There’s no way I can possibly say everything about debugging in just one blog post, but I can certainly share a few useful tips.
First, let’s talk about what debugging fundamentally is. It’s the art of seeing what actually is, not what you meant or what you thought. It’s going to be uncomfortable, and if you get too tied up in your own ego you won’t be able to do it at all. Years ago one of my teachers at Camosun told us (I’m paraphrasing heavily here because I don’t remember the exact words) that there’s no point insisting you didn’t change anything. If it used to work and now it doesn’t, you obviously changed something. Just accept that you broke it and start trying to fix the problem.
One of the first things you need to do when you’re debugging is to make sure you can reproduce the problem reliably. If you can’t do that, then you don’t really know what the problem is (or you’ve got some sort of unholy race condition bug and you’re beyond my help :) ). If you’re not the one who found the bug, ask the person who did if they can show you, or ask for more information if it came through a helpdesk and you don’t have direct access to the user who found the bug.
Once you can reproduce the problem, you’ll be able to track down what’s going wrong and figure out whether a fix actually… fixes the problem. The first step I recommend after reproducing the issue is double checking all of your inputs, even the most stupid simple stuff you’re sure you couldn’t possibly have gotten wrong. Last week I thought I had broken staging when I actually just hadn’t chosen the right value in a dropdown box. Garbage in, garbage out, as they say.
After that, you’re going to be very tempted to just read through your code and hope you can spot the problem. Resist this temptation! I’m always pretty sure I know where the problem is or that it’ll jump out at me right away, but it almost never does unless it’s an extremely simple bug. Read over the code once if you really want to, but then move on to narrowing down exactly where the bug is. Believe me, it’s faster than staring blankly at your code and feeling dumb.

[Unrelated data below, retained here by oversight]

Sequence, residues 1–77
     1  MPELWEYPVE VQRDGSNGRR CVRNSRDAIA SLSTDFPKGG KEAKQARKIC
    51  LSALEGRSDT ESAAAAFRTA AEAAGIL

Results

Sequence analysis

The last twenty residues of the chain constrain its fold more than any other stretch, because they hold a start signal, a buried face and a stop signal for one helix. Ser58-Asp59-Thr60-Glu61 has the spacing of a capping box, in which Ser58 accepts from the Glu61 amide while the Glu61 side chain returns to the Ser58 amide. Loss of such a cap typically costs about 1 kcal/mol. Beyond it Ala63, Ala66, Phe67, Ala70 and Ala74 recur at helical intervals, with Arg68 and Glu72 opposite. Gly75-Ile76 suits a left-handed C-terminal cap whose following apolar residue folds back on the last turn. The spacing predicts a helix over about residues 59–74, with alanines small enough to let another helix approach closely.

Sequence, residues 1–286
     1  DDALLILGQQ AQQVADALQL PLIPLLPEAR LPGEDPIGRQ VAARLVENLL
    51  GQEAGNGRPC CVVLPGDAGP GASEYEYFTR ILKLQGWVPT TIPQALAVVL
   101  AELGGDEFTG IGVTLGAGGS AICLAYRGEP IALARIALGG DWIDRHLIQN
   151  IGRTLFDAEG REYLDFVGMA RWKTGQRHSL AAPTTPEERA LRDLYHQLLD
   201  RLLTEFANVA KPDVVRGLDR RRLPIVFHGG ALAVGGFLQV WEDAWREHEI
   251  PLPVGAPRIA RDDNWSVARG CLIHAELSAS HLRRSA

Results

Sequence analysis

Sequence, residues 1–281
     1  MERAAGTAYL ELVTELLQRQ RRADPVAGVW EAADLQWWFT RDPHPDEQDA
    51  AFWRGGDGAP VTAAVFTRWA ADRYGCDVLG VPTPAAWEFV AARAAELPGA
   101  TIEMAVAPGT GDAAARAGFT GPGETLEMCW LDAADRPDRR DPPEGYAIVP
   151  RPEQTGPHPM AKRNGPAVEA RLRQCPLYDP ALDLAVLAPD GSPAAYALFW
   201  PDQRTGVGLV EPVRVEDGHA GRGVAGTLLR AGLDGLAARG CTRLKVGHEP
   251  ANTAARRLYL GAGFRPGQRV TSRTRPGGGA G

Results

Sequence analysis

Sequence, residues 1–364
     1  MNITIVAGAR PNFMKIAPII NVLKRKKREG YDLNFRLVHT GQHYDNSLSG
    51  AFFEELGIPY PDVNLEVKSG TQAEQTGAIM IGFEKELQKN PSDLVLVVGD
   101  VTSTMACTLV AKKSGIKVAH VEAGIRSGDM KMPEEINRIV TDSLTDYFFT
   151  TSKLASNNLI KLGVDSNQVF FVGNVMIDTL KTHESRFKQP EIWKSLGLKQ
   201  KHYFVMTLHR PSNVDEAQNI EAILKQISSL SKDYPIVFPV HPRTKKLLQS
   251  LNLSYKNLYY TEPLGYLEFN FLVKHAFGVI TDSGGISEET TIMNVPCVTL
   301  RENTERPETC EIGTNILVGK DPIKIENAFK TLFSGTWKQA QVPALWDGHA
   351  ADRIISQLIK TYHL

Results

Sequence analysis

If you have a particularly chatty log, you may be able to start narrowing things down while you reproduce the issue. Start looking after the last log message you see before the bug happens. If you’re very lucky something will be obviously wrong close to the log line you were looking for.
If you’re not quite as lucky, you’re going to need to run the code locally and start commenting things out. Assuming you have some idea where the problem is happening, start dividing the method it could be in, in half. Either comment half of it out or add a log line half way through and see if you see that log line before or after you reproduce the problem. Keep narrowing it down until you know exactly where the problem is. Once you know exactly where the problem is, you should now know what’s going wrong if not exactly why. It’s not unusual to have to trace back through your code to find the place that set up the issue that wasn’t triggered until later. Bad config, for example, may not cause an actual bug until long after it’s saved.
The most important things you can remember when you’re debugging are to be systematic and to not make assumptions. Don’t assume that your input is good. Don’t assume that a certain piece of code can’t be the problem because it hasn’t been changed in ages/just passed testing/doesn’t seem to be related. Don’t assume that your config is what you think it is. Don’t assume that you know what’s going on – if you did, you wouldn’t have written a bug in the first place :)